Sylvia Skefich, D.C.  

Dr. Sylvia Skefich - Santa Cruz Chiropractor

Troubleshooting Pain

Keys to Vitality

Stress-Bucket Theory

Good to Know

Stored Energy

“Monkey-Wrench” Removal

Confessions of an Addict

Press the Reset Button for the New Year

Horizontal Planes of the Body

Can Calcium Be Bad?

What’s in a Short Leg?

Body & Back Pain

Stretch-Injury Damage


You Had Your Teeth “Adjusted”!?!


Horizontal Planes of the Body
by Sylvia Skefich D.C.

Throughout the body, there are vertically oriented muscles and tissue (like the leg muscles or the long erector muscles of the spine), and there are also a number of horizontally oriented planes of tissue. You can visualize these “horizontal planes” as a stack of hanging baskets or hammocks within the body. If you alter the position of one basket, all the others get altered too, via the chains of the hanging baskets (i.e. via the long muscles). The horizontal planes are: 1. the pelvic bowl fascia, 2. the umbrella-shaped diaphragm muscle, 3. the thoracic outlet (another umbrella-shaped mesh of connective tissue that attaches the shoulders and clavicles to the torso), and 4. the base of the head including the jaw. There is also a plane inside the head, and the knees and  ankles are planes, too.

How do they work? Imagine a tightrope walker. If he starts to loose his balance, he can shift weight in order to regain balance. The hip may jut one particular way, the rib cage may shift and the shoulders may lean. Although each individual block of the tightrope walker’s body is off-balance, those blocks all add up to a whole-body balance in that moment. This is how our bodies react and compensate daily.

Let’s say you have a knee problem due to a soccer injury. You may favor the leg, and the muscles may have healed a little bit too tight due to the strain of injury. The pelvis may torque, to level itself over the uneven knees. Then the mid body and diaphragm region are pulled by the pelvis due to the long muscles that span the two regions. Now the shoulders need to respond…then the base of the head upon the neck adapt. You may get pain in the midback, but originally stemmed from the poorly healed knee.

The same scenario can play out in many different orders. Let’s say the chest and shoulders are really tight from mental stress. This makes the back of the head and jaw brace upon that altered foundation. Headaches may ensue. The diaphragm also becomes altered because this muscle is attached to the rib cage all the way around its perimeter. So anytime the sternum and upper cage are altered, the lower cage will be altered too, as they are all attached. And so on.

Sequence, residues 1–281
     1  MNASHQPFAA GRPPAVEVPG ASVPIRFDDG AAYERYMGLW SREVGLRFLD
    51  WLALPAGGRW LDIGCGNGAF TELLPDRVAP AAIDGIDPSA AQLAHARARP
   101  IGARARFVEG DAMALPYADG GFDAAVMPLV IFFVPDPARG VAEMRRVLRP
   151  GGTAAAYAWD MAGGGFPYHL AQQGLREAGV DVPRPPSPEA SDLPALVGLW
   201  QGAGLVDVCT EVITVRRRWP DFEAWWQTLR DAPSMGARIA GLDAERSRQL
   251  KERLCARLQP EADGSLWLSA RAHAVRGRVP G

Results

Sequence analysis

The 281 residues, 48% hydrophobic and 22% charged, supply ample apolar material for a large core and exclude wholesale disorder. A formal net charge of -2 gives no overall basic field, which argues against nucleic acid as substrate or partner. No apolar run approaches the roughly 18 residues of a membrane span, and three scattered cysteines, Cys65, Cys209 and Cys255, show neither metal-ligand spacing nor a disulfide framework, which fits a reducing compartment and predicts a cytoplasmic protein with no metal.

The more flexible the person is, the less compensation is forced into the neighboring horizontal plane. Imagine a slinky spring. You can wiggle one portion of it, without necessarily causing the rest of the spring to wiggle too. But now imagine a wooden rod. If you wiggle one end of the rod, the whole rod is going to move. Think of the human body in this same way. The more flexible you are, the more buffer you have against compensatory postural reactions.

How can you eliminate and reduce the whole chain of compensatory reactions as well as the seed? Regular stretching will always be useful. Receiving body work by one of the many systems that recognize the interconnectedness of the parts is often necessary to accurately identify and reduce tension from the problem areas. (A short list of therapies includes Cranio Sacral Therapy, Sacro Occiptial Technique, Applied Kinesiolgy, Acupuncture, Mechanical Link, Rolfing and others.) Also, practice a technique that increases body awareness, such as tai chi, chi gong, or standing meditation is encouraged to become aware of how to identify and fluidify your own misalignments.

Sylvia Skefich is a Doctor of Chiropractic, instructor of Cranio-Sacral Technique, and certified Orthopedic Massage therapist. 115 Maple Street, downtown Santa Cruz. 831-459-6001


Doctor of Chiropractic, Sylvia Skefich – Santa Cruz, California 831-475-1995
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